This article has been understood in the Indian judiciary to protect the right to be free from torture. This view is held because the right to life is more than a simple right to live an animalistic existence. The expression "life or personal liberty" in Article 21 includes a guarantee against torture and assault even by the State and its functionaries to a person who is taken in custody and no sovereign immunity can be pleaded against the liability of the State arising due to such criminal use of force over the captive person. (D.K.Basu v. State of W.B, (1997) 1 SCC 416)
Article 22 of the Constitution of India:-
Article 22 provides four basic fundamental rights with respect to conviction. These include being informed of the grounds of arrest, to be defended by a legal practitioner of his choice, preventive detention laws and production before the nearest Magistrate within 24 hours of arrest of the person. Thus, these provisions are designed to ensure that a person is not subjected to any ill-treatment that is devoid of statutory backing or surpasses prescribed excesses.
Other Statutory Safeguards:
Indian Evidence Act, 1872:
A confession to a police officer cannot be proved against a person accused of any offence (Sec. 25 Evidence Act) and confession caused by threats from a person in authority in order to avoid any evil of a temporal nature would be irrelevant in criminal proceedings as, inter-alia, provided in Sec. 24. Thus, even though custodial torture is not expressly prohibited by law in India, the evidence collected by illegal means, including torture is not accepted in courts.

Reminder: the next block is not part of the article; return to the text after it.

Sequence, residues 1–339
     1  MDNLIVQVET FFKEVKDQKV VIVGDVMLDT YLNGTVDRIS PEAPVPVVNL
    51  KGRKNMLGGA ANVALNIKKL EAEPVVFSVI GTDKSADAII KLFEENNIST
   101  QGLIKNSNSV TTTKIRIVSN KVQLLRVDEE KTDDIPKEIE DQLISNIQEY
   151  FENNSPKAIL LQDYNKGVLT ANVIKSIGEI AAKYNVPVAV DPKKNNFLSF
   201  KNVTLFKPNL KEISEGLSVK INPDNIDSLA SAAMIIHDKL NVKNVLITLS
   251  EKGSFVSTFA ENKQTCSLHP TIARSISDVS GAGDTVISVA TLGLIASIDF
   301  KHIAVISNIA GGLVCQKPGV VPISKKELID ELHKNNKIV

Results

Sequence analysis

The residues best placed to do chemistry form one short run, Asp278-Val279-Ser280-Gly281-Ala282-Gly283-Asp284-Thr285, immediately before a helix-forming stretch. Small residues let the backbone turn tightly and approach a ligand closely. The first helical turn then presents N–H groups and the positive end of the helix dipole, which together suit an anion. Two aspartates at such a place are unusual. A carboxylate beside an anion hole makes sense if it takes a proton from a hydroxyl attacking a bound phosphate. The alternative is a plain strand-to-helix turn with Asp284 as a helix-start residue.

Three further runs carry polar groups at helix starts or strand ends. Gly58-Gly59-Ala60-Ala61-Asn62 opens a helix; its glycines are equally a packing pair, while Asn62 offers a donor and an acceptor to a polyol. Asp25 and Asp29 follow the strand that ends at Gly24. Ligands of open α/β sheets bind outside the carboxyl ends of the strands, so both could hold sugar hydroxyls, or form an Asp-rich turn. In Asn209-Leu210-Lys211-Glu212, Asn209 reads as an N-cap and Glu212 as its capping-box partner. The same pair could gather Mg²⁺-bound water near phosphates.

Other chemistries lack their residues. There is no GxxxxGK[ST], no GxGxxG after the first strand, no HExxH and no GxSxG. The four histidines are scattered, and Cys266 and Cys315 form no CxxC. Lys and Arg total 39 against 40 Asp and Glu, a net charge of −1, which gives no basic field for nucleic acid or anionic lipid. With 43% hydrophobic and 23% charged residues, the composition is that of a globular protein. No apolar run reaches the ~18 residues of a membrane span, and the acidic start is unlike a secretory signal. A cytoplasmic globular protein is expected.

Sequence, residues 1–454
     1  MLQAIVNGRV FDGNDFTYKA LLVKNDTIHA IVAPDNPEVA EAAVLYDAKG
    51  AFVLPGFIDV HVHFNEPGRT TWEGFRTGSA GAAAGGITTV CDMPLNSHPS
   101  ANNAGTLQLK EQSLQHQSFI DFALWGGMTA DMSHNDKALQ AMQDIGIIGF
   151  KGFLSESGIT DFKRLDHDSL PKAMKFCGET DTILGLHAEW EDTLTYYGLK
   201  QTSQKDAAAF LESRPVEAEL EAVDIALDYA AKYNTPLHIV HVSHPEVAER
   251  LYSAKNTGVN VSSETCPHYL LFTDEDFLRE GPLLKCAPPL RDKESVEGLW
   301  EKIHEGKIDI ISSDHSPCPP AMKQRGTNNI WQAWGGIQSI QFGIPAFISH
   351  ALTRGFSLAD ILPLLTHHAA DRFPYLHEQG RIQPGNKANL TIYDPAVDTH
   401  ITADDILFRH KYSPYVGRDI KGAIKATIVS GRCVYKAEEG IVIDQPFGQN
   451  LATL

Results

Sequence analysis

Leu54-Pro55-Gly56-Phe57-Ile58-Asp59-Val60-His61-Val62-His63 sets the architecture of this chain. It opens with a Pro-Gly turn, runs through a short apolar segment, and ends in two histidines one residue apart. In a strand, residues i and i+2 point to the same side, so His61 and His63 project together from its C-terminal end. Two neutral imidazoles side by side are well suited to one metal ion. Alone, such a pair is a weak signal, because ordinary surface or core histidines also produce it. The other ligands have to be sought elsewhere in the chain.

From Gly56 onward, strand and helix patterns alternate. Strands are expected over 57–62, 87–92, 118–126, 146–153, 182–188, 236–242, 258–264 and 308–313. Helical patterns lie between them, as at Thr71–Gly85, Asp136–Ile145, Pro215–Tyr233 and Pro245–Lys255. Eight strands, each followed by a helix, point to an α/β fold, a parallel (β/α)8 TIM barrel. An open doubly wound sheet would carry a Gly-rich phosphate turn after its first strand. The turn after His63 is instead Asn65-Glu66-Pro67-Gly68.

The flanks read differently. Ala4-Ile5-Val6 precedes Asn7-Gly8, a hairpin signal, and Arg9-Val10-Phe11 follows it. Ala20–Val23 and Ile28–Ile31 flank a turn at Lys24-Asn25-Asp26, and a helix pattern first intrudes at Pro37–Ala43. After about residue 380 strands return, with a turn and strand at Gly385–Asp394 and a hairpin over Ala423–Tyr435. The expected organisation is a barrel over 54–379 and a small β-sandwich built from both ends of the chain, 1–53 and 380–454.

Code of Criminal Procedure, 1973:
Sec. 46 and 49 of the Code protect those under custody from torture who are not accused of an offence punishable with death or imprisonment for life and also during escape. Sec. 50-56 is in consonance with Article 22. Sec. 54 of the Code is a provision that to a significant extent corresponds to any infliction of custodial torture and violence. According to it, when an allegation of ill-treatment is made by a person in custody, the Magistrate is then and there required to examine his body and shall place on record the result of his examination and reasons therefore It gives them the right to bring to the Court’s notice any torture or assault they may have been subjected to and have themselves examined by a medical practitioner on their own request A compensatory mechanism has also been used by courts. When the Magistrate does not follow procedure with respect to entertaining complaint of custodial torture, it calls for interference by the High Court under Sec. 482 of the Code.